As of tidyverse 1.2.0, the following packages are included in the core tidyverse:
- dplyr can work with other data frame "backends" such as SQL databases; there is an SQL interface for relational databases via the DBI package
- dplyr can be integrated with the data.table package for large fast tables
- filter(row_number() == n())
- count(), tally(), add_count(), add_tally()
- subset <- select(chicago, ends_with("2")) # select based on a pattern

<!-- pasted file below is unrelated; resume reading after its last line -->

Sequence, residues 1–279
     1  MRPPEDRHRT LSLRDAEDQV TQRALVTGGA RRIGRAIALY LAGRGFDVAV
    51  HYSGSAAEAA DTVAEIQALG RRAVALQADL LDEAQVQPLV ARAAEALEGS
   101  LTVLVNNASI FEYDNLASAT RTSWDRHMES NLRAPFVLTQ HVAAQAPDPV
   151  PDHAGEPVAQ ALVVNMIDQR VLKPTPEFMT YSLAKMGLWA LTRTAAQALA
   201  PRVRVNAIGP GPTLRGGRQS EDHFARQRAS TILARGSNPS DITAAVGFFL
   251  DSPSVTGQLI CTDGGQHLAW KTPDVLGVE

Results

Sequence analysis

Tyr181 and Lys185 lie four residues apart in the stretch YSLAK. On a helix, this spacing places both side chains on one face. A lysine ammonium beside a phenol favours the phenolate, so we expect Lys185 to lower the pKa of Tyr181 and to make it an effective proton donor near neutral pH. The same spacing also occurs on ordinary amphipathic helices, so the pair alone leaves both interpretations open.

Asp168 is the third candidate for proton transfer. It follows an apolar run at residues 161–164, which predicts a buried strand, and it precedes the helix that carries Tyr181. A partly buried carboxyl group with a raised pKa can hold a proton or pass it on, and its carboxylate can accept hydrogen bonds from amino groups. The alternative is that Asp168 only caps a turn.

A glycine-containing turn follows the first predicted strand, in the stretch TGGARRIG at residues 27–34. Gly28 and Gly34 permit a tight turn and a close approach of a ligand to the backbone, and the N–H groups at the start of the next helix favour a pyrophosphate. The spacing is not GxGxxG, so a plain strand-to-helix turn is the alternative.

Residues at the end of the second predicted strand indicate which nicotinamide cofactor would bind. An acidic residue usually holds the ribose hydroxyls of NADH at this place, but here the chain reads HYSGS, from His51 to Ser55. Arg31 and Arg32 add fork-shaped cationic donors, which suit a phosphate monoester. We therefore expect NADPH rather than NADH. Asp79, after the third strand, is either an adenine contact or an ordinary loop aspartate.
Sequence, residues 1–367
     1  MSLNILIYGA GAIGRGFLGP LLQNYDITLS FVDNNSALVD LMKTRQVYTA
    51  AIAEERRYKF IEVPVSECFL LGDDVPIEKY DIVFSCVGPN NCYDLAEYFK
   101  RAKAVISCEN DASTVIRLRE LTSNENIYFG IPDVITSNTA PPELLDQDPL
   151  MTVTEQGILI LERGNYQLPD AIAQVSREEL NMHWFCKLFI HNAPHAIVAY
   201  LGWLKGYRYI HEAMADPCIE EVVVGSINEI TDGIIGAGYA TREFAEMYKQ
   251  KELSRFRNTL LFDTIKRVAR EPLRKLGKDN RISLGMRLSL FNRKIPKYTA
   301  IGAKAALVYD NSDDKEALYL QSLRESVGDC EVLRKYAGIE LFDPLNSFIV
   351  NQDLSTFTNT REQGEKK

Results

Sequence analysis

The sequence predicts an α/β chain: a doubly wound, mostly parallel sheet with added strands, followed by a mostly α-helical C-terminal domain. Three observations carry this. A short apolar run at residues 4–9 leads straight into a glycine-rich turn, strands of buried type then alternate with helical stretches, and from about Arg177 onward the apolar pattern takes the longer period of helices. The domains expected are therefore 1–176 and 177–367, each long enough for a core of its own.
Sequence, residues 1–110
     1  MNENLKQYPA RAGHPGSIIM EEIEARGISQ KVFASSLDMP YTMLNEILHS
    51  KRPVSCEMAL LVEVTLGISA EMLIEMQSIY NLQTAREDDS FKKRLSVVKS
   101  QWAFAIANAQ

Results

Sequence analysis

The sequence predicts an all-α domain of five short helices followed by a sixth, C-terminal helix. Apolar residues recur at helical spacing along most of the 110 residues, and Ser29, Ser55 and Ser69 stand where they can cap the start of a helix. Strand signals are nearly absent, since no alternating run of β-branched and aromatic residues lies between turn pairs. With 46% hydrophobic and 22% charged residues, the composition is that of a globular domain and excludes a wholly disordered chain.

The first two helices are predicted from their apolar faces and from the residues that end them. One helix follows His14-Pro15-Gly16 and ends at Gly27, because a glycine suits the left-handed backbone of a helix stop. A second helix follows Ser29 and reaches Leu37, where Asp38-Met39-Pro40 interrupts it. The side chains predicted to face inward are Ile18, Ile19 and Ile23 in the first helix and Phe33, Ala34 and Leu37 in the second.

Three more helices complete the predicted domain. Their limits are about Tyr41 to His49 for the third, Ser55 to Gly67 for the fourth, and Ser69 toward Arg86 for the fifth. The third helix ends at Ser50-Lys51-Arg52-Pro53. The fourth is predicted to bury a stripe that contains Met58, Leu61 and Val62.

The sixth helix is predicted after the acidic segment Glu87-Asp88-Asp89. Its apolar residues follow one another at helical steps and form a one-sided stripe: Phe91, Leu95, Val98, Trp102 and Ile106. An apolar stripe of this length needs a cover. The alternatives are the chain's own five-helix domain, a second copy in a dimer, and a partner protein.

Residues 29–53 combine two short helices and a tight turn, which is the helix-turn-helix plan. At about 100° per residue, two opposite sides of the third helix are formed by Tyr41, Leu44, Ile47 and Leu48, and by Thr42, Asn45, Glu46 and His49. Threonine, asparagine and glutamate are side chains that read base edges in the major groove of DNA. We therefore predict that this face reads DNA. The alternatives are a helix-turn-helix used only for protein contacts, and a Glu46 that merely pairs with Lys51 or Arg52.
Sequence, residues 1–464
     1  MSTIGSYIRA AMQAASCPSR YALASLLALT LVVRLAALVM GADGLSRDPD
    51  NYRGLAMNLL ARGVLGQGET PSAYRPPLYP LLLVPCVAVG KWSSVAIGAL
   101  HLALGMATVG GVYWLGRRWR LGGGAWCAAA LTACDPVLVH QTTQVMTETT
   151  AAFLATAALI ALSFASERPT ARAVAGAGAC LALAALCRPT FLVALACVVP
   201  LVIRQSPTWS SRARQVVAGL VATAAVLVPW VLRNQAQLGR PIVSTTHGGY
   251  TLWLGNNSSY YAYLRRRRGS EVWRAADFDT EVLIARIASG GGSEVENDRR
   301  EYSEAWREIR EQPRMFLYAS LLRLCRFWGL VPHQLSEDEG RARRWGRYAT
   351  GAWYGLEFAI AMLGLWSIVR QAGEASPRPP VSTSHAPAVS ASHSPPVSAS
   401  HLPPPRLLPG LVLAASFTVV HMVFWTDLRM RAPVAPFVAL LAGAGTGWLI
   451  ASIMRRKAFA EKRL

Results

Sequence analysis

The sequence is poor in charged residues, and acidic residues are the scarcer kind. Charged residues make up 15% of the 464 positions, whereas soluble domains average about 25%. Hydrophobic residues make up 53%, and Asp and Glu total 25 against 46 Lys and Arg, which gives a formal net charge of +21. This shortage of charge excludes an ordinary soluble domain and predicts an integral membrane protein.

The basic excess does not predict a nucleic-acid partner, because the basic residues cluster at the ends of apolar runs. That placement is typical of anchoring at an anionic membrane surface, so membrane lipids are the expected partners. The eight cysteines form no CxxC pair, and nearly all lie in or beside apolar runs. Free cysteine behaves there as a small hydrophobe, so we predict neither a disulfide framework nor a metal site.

- subset <- select(chicago, starts_with("d")) # select based on a pattern, see ?select for more information
- chicago <- rename(chicago, dewpoint = dptp, pm25 = pm25tmean2)
- filter(rowSums(.[2:ncol(.)]) == 4) see https://stackoverflow.com/questions/32618744/dplyr-how-to-reference-columns-by-column-index-rather-than-column-name-using-mu
The goal of tidyr is to help you create tidy data. Tidy data is data where:
- Each variable is in a column.
- Each observation is a row.
- Each value is a cell.
The principles of tidy data provide a standard way to organise data values within a dataset.